Helen pushed the button that lowered the window, put her face to the fresh air.

Jim sat back, taking her hand. “We’re going to have a terrific time, sweetheart. Just like the farty-looking couples in the brochures. It’ll be great.”

Bob was in front of his building wearing sweatpants and a T-shirt and grimy athletic socks. “Hey, slob-dog,” Jim called. He tossed the car key through the open window, and Bob caught it in one hand.

“Have fun.” Bob waved once.

Helen was impressed at how easily Bob caught the key. “Good luck up there,” she called.

The town car rounded the corner, disappeared from sight, and Bob turned to face his building. When young, he had run into the woods rather than watch the car that took Jim off to college, and he wanted to run there now. Instead, he stood on broken cement next to metal garbage bins, and shards of sunlight stabbed his eyes while he fumbled with his keys.

Years earlier, when Bob had been newer to the city, he had gone to a therapist named Elaine. She was a large woman, loose-limbed, as old as he was now, which of course back then had seemed pretty old. He had sat in the midst of her benevolent presence, picking at a hole in the arm of her leather couch, glancing anxiously at the fig tree in the corner (a plant that looked fake except for its marked and sad leaning toward the tiny sliver of light that came through the window, and its ability to grow, in six years’ time, one new leaf). Had Elaine been here on the sidewalk right now, she would have told him, “Bob, stay in the present.” Because dimly Bob was aware of what was happening to him as his brother’s car turned the corner, left him, dimly, he knew, but—oh, poor Elaine, dead now from some awful disease, and she had tried so hard with him, been so kind—it did no good. The sunlight shattered him.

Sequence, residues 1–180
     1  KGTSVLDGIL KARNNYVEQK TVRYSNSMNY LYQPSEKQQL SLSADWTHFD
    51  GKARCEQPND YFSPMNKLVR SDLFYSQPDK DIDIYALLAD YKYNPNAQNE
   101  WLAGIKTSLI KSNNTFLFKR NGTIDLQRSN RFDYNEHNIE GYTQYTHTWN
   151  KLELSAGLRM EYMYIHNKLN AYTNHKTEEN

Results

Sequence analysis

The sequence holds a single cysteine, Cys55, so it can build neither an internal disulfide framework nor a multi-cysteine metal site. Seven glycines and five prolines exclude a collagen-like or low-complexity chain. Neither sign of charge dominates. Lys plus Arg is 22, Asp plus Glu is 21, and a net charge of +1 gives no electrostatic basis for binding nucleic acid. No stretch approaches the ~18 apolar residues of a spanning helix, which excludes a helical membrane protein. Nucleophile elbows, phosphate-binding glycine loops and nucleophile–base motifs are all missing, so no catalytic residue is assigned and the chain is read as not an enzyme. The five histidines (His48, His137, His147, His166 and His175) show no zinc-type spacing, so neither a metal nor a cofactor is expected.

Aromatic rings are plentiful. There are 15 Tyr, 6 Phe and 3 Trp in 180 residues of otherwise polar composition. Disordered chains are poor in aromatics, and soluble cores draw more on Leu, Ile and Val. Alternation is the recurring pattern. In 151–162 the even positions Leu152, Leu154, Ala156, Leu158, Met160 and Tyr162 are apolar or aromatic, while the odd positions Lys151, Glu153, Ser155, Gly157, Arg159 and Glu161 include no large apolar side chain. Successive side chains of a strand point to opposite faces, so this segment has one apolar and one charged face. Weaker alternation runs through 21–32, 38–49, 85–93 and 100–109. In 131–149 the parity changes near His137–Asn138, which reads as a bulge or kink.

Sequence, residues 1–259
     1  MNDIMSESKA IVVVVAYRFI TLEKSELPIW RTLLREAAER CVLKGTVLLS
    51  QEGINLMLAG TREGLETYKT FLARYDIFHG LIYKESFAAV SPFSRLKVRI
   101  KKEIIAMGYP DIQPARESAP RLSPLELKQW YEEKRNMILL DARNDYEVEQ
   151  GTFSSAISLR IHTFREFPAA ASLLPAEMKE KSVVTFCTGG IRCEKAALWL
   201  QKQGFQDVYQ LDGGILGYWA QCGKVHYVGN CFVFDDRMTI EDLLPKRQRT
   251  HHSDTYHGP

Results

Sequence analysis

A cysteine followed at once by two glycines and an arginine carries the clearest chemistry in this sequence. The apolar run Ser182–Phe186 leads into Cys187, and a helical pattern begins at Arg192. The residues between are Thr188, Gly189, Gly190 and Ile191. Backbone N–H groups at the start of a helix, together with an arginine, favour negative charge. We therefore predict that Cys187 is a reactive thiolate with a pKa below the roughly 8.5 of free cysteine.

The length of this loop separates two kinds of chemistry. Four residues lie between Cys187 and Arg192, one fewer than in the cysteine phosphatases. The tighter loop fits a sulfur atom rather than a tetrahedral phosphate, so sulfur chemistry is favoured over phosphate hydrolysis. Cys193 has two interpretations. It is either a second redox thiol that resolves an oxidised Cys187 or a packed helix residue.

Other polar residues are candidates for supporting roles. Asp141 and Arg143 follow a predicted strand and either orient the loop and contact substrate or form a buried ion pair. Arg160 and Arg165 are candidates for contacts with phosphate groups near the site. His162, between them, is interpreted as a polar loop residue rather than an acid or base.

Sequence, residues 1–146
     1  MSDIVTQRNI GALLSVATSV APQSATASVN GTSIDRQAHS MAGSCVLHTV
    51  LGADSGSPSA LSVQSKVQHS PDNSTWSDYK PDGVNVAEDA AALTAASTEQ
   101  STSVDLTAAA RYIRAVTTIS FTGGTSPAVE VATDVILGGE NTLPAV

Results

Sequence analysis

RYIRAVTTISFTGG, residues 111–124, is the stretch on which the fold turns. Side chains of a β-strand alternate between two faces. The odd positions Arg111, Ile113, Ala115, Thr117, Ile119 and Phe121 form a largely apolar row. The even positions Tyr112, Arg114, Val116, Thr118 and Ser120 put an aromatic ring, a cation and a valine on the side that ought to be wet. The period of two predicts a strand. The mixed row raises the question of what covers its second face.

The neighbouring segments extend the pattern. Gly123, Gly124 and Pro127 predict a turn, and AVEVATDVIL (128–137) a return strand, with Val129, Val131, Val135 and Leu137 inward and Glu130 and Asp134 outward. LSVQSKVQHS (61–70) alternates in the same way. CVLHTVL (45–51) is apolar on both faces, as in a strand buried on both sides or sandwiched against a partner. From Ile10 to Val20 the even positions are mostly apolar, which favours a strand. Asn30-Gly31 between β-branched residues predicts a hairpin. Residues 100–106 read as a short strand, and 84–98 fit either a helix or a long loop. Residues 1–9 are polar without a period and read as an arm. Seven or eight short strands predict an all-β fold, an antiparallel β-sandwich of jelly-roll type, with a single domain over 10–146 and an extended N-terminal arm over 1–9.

Bob, who was four years old when his father died, remembered only the sun on the hood of the car that day, and that his father had been covered by a blanket, also—always—Susan’s little-girl accusing voice: “It’s all your fault, you stupid-head.”

Now, standing on the sidewalk in Brooklyn, New York, Bob pictured his brother tossing him the car key, watched the town car disappear, thought of the task that was waiting, and inside him was the cry Jimmy, don’t go.

Adriana stepped through the door.


Susan Olson lived in a narrow three-story house not far from town. Since her divorce seven years earlier she had rented the top rooms to an old woman named Mrs. Drinkwater, who came and went with less frequency these days, and who never complained about the music coming from Zach’s room, and always paid her rent on time. The night before Zach was to turn himself in, Susan had to climb the stairs, knock on the old woman’s door, and explain to her what had happened. Mrs. Drinkwater was surprisingly sanguine. “Dear, dear,” she said, sitting on the chair by her little desk. She was wearing a pink rayon robe, and her stockings were rolled to right above her knees; her gray hair was pinned back, but much of it was falling down. This is how she looked if she wasn’t dressed to go out, which was a lot of the time. She was thin as kindling.